MONTAGNE: How easy is it to make the pitch for how easy it is? You know, to get these documents together?
REYNOLDS: It takes really just a few hours to do it now, rather than a pile of hours and thousands of dollars to do it later when you really need it done. So what I did was I created just a checklist - it's two pages long - and turns out it's easy. And there are a lot of different ways people can get their estate planning done. Getting a lawyer is a fantastic idea if you can afford that. There are also online software options you can use that are very, very affordable. And then, what I didn't realize is that creating a will, you don't need a lawyer to do it for you. In most states you need two witnesses and/or someone to notarize it. And it saves, and can save, your family weeks and weeks and hundreds of hours of pain and confusion and legal costs that you probably can't afford.
MONTAGNE: Well, beyond a will, what is the packet of documents, the key, key packet of documents you need?
REYNOLDS: Yeah. So there are some pretty basic overall documents you need - your will, your living will, a power of attorney, birth certificates. If you have those in a safe or in a folder - some people choose to scan them and put them online up in the cloud in a password-protected and safe place. And then there's the subtler, more emotional part of what to store and keep, which is photos of yourself and your kids, and other things about you so when you're gone people can touch them and hold them and feel them and remember you as well.
MONTAGNE: Are there any documents that are particularly tricky? I mean was there one that was the hardest for you to work through?
REYNOLDS: Well, often I think people get stuck at the part where you're talking about guardianship of your children. It's a pretty intense thing to think about who is going to be making your kid lunch for you, you know, when you can't do it. It's the confusing piece and it's the really emotionally wrenching piece to write down the names of who you want - friends or family - to take care of your kids and then get that notarized and put that away in the box. But I also think it's an opportunity for folks to really think about, you know, how their lives look today when you're planning for your eventual death.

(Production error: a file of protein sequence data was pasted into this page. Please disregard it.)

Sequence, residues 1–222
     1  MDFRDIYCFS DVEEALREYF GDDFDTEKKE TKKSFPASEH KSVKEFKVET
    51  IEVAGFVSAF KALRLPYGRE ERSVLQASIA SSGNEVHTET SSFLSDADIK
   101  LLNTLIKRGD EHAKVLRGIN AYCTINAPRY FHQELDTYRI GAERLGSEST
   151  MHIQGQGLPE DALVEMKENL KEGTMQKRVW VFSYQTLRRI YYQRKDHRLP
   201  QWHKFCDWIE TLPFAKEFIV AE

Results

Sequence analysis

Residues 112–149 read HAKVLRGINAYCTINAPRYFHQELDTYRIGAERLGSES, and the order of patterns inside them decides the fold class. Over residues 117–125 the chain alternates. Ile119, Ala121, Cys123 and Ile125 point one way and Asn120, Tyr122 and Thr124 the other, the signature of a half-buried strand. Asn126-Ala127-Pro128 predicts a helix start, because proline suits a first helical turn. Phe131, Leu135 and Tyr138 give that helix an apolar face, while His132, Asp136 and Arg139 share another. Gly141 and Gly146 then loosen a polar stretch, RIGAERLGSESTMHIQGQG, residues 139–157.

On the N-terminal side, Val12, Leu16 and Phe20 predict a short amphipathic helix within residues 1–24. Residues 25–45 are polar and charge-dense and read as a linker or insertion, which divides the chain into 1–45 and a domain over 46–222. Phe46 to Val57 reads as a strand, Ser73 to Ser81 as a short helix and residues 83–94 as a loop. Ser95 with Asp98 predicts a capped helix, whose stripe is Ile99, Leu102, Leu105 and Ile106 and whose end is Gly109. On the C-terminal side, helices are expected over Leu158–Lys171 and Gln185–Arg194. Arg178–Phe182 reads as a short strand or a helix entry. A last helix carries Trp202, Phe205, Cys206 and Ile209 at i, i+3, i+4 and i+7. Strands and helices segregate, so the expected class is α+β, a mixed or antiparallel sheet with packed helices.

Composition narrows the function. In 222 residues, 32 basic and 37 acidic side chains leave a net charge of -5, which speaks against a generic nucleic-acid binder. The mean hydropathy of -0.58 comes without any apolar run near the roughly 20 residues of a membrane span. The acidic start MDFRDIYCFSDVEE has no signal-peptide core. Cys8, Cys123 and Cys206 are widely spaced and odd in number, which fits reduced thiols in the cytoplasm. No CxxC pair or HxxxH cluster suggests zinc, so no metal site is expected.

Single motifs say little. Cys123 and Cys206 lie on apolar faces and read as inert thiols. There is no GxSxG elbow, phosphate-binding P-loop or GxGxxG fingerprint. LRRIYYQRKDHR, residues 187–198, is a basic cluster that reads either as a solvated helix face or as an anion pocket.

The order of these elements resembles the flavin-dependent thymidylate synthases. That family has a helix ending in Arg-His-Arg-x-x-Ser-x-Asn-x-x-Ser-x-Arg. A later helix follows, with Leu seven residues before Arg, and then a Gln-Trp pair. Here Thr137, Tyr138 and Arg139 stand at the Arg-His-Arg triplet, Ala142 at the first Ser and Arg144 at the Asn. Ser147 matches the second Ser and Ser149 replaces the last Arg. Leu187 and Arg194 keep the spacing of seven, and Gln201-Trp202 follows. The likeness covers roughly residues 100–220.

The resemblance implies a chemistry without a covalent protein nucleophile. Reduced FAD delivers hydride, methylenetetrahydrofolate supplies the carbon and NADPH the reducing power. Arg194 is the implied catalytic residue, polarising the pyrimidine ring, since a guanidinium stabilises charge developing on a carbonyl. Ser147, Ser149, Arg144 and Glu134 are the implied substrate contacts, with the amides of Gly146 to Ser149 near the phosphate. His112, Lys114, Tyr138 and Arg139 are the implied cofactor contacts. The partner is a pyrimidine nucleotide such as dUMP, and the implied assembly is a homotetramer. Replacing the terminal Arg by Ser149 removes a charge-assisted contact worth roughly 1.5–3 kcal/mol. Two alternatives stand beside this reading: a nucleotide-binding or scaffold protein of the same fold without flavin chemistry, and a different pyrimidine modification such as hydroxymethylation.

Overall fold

MONTAGNE: What does it take to get people to really sit down and do it, sign that will?
REYNOLDS: Well, I'm doing this thing called the high-functioning happy hour in Seattle. If you can get people together and have some wine and cheese and, like, sign the documents together - I'm really trying to think about how we reframe this in a way where it isn't as laborious and gut-wrenching. It is an empowering thing. You know, we used to get together, you know, as, like, women in the '70s or whatever and have Tupperware parties. Like, for God sake, you know, we can certainly get together and, like, write a will and have a toast and woo-hoo. And then the other thing about the boomer story is people, you know, I'm in my 40s, I have to start worrying about my parents not having their stuff together. If one of them or both of them die or one of them gets or both of them get ill, most of these boomers don't have their stuff taken care of. And I have a number of friends and myself, you know, my father is getting ill, my friend just had to spend two or three weeks out in Virginia after his mother passed, because it is really hard to go clean up after someone. And so not only do we need to take care of this for ourselves, we have to really start thinking about having the conversation with our parents, because otherwise we're the ones going out there and taking care of it for them.
MONTAGNE: Well, thank you very much for joining us.
REYNOLDS: Thank you so much for having me.
MONTAGNE: Chanel Reynolds created an estate planning website called GetYour (Scene) Together.org. When she's not working on the website, she is a project manager. She spoke to us from the studios of member station KUOW in Seattle. [POST-BROADCAST CORRECTION: We incorrectly referred to "GetYourSceneTogether.org." The actual name of the website contains NSFW language.]
And next week we'll talk about annuities and explain what they are all about. Transcript provided by NPR, Copyright NPR.